William L. Clements Library
University of Michigan
Finding aid for
J. Martin Gorham Papers, 1864-1865
James S. Schoff Civil War CollectionFinding aid created by
Rob S. Cox, November 1992
J. Martin Gorham papers
Gorham, J. Martin, 1830-1880
J. Martin Gorham was a lawyer from Barre, Mass. who enlisted in the 33rd Massachusetts Infantry Regiment during the Civil War. His papers consist of four letters written to his sister and her husband during the Atlanta Campaign and shortly after the fall of Savannah.
The material is in English.
William L. Clements Library, University of Michigan
909 S. University Ave.
The University of Michigan
Ann Arbor, MI 48109-1190
Web Site: www.clements.umich.edu
Access and Use
The collection is open to research.
Copyright status is unknown.
J. Martin Gorham Papers, James S. Schoff Civil War Collection, William L. Clements Library, The University of Michigan
Gorham, J. Martin, 1830-1880
Rank : Pvt.
Regiment : 33rd Massachusetts Infantry Regiment (1862-1865)
Service : 1862 September 25-1865 June 10
Jason Martin Gorham, a lawyer from Barre, Mass., and a Harvard graduate of the class of 1851, received a Lieutenant's commission in the 42nd Massachusetts Infantry (nine months' service) on September 25th, 1862. On May 13th, 1863, he resigned his commission and was discharged by special order #115 from General Banks, and remained a civilian until December of that year, when he enlisted as a private in the 33rd Massachusetts, then at Chattanooga.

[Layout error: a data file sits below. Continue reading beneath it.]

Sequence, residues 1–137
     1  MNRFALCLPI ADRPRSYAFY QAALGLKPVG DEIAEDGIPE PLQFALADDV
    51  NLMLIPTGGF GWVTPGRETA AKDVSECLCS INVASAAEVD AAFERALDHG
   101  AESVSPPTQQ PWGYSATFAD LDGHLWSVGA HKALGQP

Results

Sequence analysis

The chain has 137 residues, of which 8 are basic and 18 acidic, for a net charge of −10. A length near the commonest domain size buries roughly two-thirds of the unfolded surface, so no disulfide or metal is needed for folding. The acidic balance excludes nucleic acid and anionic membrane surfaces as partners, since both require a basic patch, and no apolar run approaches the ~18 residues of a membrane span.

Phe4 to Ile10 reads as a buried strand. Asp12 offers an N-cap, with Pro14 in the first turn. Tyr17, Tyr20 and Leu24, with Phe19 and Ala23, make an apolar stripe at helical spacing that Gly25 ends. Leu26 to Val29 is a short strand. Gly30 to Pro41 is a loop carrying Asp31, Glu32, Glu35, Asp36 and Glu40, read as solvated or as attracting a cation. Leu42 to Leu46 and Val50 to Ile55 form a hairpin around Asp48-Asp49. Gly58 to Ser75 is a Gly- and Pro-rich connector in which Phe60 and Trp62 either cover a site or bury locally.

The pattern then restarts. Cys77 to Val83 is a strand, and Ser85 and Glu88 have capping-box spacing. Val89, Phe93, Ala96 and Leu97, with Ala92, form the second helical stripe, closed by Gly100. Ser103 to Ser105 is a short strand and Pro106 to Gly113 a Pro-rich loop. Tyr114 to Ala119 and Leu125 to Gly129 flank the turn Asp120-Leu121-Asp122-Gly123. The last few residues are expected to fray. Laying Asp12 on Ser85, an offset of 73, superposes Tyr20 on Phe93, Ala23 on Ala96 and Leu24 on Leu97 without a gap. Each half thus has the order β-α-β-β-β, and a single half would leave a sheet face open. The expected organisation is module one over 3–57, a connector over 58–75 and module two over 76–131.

In April, the 33rd Massachusetts was consolidated into XX Corps under Joseph Hooker (later J. A. Mower) and joined in the Atlanta Campaign. The regiment suffered heavy losses at Resaca, Dallas, and Kenesaw Mountain, and took part in the occupation of Atlanta and the March to the Sea and March through the Carolinas. During these campaigns, the 33rd was consistently tapped for headquarters guard duty -- because of the unusually high quality of the regimental band, according to Gorham. During this time, too, Gorham was assigned to duty as regimental clerk, relieving him from any obligation as a combatant. When Johnston surrendered, the regiment was doing guard duty at Raleigh, N.C., and on June 1st, 1865, Gorham transferred to Co. H of the 2nd Massachusetts Infantry.
Collection Scope and Content Note
The Gorham collection consists of only four letters, three written to his sister Sarah Jane and one to her husband, James R. Marrett. Three of the letters were written during the Atlanta Campaign, and one shortly after the fall of Savannah. Gorham's letters reflect his high level of education. They are observant and literate, and yet, because he was detailed as regimental clerk during the campaigns in Georgia and the Carolinas, they are comparatively slight on detail concerning military activity. The last letter in which Gorham describes the headquarters in Savannah and relating a little bit about the city and state, is far and away the best in the collection. Gorham's notion that the quality of the regimental band made them a popular choice for headquarters guard duty and favoritism is also worth noting.
- Atlanta Campaign, 1864.
- Savannah (Ga.)--Description and travel.
- United States. Army. Massachusetts Infantry Regiment, 33rd (1862-1865)
- United States--History--Civil War, 1861-1865.
Additional Descriptive Data
Boies, Andrew J. Record of the Thirty-third Massachusetts volunteer infantry (Fitchburg, 1880).
Atlanta Campaign, 1864.
Georgia--History--Civil War, 1861-1865.Savannah (Ga.)Sherman's March to the Sea.United States. Army--Bands.United States. Army--Military life.
- 1864 June 28
- 1864 August 15
- 1864 August 23